Toss-Up: Which Is the Day’s Most Depressing Recession Story?

  • Share
  • Read Later

Today is a fine day for indulging in hard-luck stories for our hard-luck times—a.k.a., recession porn. These are tales of lost jobs, no prospects, and unemployment benefits that have run out. Or if there are jobs, they are jobs that have a 24/7 work week: no vacation, no weekends, no health insurance. And the people featured in these stories have no faith that things will change anytime soon.

The Washington Post gets right to the point with the title to its long, grim piece about the struggles of folks who’ve been unemployed for what seems like forever. “Nowhere to Go But Down” is the chipper headline to this story.

The WSJ, meanwhile, discusses how freelancers and the self-employed are finding it impossible to take even a small break from work—because they feel like in this economic climate, they have to be available for all the work they can get. People aren’t safe or secure enough to get away from work even for a long weekend.

The NY Times looks at how difficult it is for people who have gotten laid off to return to anything approaching their old incomes—if they find work at all, that is. Some explanation:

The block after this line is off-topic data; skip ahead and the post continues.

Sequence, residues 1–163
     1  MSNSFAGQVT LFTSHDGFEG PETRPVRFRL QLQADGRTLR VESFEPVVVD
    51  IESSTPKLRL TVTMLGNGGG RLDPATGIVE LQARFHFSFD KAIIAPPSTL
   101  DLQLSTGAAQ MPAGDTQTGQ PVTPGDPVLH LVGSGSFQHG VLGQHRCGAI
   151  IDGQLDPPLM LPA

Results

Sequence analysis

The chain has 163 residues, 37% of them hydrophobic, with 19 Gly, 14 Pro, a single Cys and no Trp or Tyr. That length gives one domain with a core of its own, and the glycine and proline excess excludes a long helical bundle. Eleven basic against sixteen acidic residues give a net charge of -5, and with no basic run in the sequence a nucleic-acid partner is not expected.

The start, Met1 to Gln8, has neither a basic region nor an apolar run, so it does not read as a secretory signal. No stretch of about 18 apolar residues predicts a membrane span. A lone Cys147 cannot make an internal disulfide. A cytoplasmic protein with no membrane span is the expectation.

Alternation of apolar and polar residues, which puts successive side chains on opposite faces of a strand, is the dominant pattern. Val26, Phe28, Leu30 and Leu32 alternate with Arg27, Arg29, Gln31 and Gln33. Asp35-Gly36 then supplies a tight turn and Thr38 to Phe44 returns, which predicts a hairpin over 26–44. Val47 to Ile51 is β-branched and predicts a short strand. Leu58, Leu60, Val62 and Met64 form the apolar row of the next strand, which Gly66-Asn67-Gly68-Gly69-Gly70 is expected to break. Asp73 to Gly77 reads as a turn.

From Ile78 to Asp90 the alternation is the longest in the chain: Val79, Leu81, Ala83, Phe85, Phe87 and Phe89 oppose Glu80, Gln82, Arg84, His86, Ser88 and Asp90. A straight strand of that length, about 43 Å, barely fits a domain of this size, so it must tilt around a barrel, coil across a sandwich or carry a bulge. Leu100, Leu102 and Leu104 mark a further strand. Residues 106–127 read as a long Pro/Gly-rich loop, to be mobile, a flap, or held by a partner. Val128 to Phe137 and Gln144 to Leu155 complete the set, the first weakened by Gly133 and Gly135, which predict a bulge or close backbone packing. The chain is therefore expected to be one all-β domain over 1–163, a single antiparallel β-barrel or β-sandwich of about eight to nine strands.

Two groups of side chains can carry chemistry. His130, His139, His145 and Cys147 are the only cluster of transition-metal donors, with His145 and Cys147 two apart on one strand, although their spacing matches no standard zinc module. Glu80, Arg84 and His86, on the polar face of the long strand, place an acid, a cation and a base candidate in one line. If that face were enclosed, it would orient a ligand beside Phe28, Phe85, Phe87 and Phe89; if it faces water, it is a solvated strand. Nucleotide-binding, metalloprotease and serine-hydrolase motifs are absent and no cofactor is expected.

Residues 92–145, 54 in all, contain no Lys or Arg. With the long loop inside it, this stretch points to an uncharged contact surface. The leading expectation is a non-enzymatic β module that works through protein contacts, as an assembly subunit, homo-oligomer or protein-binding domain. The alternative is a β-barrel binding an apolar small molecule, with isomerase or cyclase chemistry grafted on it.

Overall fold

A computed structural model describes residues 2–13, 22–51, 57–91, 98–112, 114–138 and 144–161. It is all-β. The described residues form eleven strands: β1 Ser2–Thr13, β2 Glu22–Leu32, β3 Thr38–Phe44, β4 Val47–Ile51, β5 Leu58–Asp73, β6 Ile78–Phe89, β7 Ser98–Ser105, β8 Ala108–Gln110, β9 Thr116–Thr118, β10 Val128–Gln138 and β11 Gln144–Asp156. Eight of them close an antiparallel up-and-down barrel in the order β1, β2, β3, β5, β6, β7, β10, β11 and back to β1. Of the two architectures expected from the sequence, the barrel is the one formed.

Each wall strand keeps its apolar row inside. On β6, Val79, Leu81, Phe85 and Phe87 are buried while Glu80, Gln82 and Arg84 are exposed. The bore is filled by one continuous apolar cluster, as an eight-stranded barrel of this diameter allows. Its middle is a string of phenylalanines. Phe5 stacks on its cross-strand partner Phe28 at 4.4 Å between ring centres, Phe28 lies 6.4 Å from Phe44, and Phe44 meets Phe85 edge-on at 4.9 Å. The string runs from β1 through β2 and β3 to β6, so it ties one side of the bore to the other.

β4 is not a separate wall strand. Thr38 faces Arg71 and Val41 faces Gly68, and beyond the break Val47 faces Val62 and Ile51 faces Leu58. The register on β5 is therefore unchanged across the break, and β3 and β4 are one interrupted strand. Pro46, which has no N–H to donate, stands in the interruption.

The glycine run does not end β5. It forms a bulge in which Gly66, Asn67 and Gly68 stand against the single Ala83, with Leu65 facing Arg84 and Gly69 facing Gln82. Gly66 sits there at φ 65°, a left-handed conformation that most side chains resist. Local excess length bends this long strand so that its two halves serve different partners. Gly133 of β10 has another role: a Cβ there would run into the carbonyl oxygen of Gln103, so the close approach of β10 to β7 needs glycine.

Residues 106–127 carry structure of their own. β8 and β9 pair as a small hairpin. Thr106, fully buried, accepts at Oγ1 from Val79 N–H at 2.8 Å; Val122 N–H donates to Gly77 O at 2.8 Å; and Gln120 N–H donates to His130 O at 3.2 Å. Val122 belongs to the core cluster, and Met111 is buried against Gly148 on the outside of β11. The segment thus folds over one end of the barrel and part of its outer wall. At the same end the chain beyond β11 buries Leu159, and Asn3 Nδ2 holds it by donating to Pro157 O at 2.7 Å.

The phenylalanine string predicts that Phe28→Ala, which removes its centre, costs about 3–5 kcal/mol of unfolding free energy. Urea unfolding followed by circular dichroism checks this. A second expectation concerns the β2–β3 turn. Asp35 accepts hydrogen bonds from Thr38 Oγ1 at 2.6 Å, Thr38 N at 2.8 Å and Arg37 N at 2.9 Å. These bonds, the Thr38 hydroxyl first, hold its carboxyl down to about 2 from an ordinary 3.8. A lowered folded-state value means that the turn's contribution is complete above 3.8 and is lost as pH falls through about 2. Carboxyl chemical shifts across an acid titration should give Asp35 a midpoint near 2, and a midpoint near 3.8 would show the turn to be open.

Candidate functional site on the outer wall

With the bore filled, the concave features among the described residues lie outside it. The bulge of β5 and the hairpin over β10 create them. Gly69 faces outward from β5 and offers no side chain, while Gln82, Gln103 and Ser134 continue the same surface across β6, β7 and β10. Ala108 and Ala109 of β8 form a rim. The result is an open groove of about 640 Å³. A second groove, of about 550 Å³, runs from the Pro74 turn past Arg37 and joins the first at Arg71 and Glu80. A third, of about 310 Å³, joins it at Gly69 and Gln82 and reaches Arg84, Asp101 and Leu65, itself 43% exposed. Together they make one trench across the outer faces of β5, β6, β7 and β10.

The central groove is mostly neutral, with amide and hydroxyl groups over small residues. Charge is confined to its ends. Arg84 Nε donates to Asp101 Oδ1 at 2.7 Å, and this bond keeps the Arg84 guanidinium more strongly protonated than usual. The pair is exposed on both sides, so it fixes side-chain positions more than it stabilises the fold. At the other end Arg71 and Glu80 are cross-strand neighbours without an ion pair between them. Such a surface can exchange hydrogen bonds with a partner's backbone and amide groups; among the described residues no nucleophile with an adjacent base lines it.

“On average, most workers do not recover their old annual earnings,” said Till von Wachter, an economics professor at Columbia University, who recently completed a working paper with two other economists that examined the long-term earnings of workers who lost their jobs in the recession of the early 1980s.

Mr. Wachter studied workers who had been with their companies at least three years, then lost their jobs when their employers reduced their work forces by at least 30 percent. He found that even 15 to 20 years later, most on average had not returned to their old wage levels. He also concluded that their earnings were about 15 percent to 20 percent less than they would have been had they not been laid off.

One of the main reasons for the drop-offs, according to economists, is that workers who endure a layoff are more likely to be laid off again.

But if this is a match-up to determine the most depressing story, it’s no contest. While I certainly relate to the WSJ piece, the WP story wins outright. Here’s a snippet:

His mind settles into another round of “What if?”

As in: What if we don’t have cash to buy milk, eggs, bread or diapers? What if our unemployment benefits run out? What if we never find jobs?